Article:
An elegy to the Aestivalis

This post was inspired by my final push to finish Martian Successor Nadesico, a mecha show involving rather more harem hi-jinks than mechs but which manages to be consistently awesome.

I would make the modest proposal that the Aestivalis is one of best representations of ‘real robot’-style mecha in anime. One might find this claim unusual, given that Nadesico is far from gritty or realistic. Nevertheless, despite the light-hearted tone, the series’ depiction of giant robot warfare is leagues ahead of, say, Gundam.

The mechs themselves are as realistic as we’re going to get from a Japanese anime not called VOTOMS. Every Aestivalis is essentially the same body with minor variations in colour scheme and head design. This means that spare parts are universally interchangeable and reduces the cost of repair; compare with Zeta Gundam, where the carrier Argama fields at least four radically differing mech designs requiring a multitude of replacement parts.

Furthermore, the Aestivalises (/m/ suggests that this is the correct pluralisation but I honestly don’t have a clue) can be equipped with various frames to suit any battlefield (the main ones being zero-G, aerial, artillery and terrestrial). This isn’t exclusive to Nadesico (Gundam SEED‘s Striker Packs come to mind) but the series shows the true usefulness of frame technology. Whereas frames are often limited to one or two MSes, all Aestivalises can equip them. This gives them unparalleled versatility: for example, as we see in episode 11, three units can be fielded in the relatively nimble terrestrial frame to act as escorts for two units with artillery frames.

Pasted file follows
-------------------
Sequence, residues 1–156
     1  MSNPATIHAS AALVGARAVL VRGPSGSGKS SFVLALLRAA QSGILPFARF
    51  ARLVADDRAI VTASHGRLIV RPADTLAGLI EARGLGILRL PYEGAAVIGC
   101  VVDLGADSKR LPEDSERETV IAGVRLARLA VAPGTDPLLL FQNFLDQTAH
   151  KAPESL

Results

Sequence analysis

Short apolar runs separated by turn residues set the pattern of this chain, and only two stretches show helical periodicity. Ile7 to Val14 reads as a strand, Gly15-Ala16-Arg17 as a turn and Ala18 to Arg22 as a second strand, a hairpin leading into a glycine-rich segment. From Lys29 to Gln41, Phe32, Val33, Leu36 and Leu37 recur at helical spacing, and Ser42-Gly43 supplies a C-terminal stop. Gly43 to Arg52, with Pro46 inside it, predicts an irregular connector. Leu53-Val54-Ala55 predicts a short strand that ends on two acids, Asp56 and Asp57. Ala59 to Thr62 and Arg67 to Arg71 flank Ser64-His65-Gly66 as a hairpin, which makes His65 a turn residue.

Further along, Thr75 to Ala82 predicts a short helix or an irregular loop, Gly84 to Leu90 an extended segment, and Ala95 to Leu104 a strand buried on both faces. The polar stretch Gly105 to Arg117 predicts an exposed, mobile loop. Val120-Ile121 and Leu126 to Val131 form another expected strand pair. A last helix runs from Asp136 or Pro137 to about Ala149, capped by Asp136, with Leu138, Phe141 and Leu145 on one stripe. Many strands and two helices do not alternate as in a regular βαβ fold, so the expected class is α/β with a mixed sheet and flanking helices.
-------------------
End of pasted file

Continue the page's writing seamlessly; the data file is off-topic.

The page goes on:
However, the presentation of the mechs also lends to a realistic atmosphere. The majority of the pilots are trained professionals; even Akito, while not initially a soldier, has experience with mobile machinery and his early piloting is far from spotless. The mechs aren’t sentimentalised; they aren’t even given individual names and their pilots treat them more as dumb machines than even most Gundam protagonists.

Of course, this realism is completely overturned by Gai Daigoji who, like Ryusei and his R-1, pilots a real robot like a super robot with all the fancy attack names and hotblood that it entails. And we love him for it.

We'll always remember you as the man who was born into the wrong genre

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One Response to An elegy to the Aestivalis

  1. Janeil H. says:

    As a fan of the show for awhile now, I actually like this article, and find all of your points correct. It is probably one of the more realistic depictions of mecha out there, and I definitely think its a lot better than Gundam SEED in my opinion. Thanks for the cool screenshots and article. 🙂

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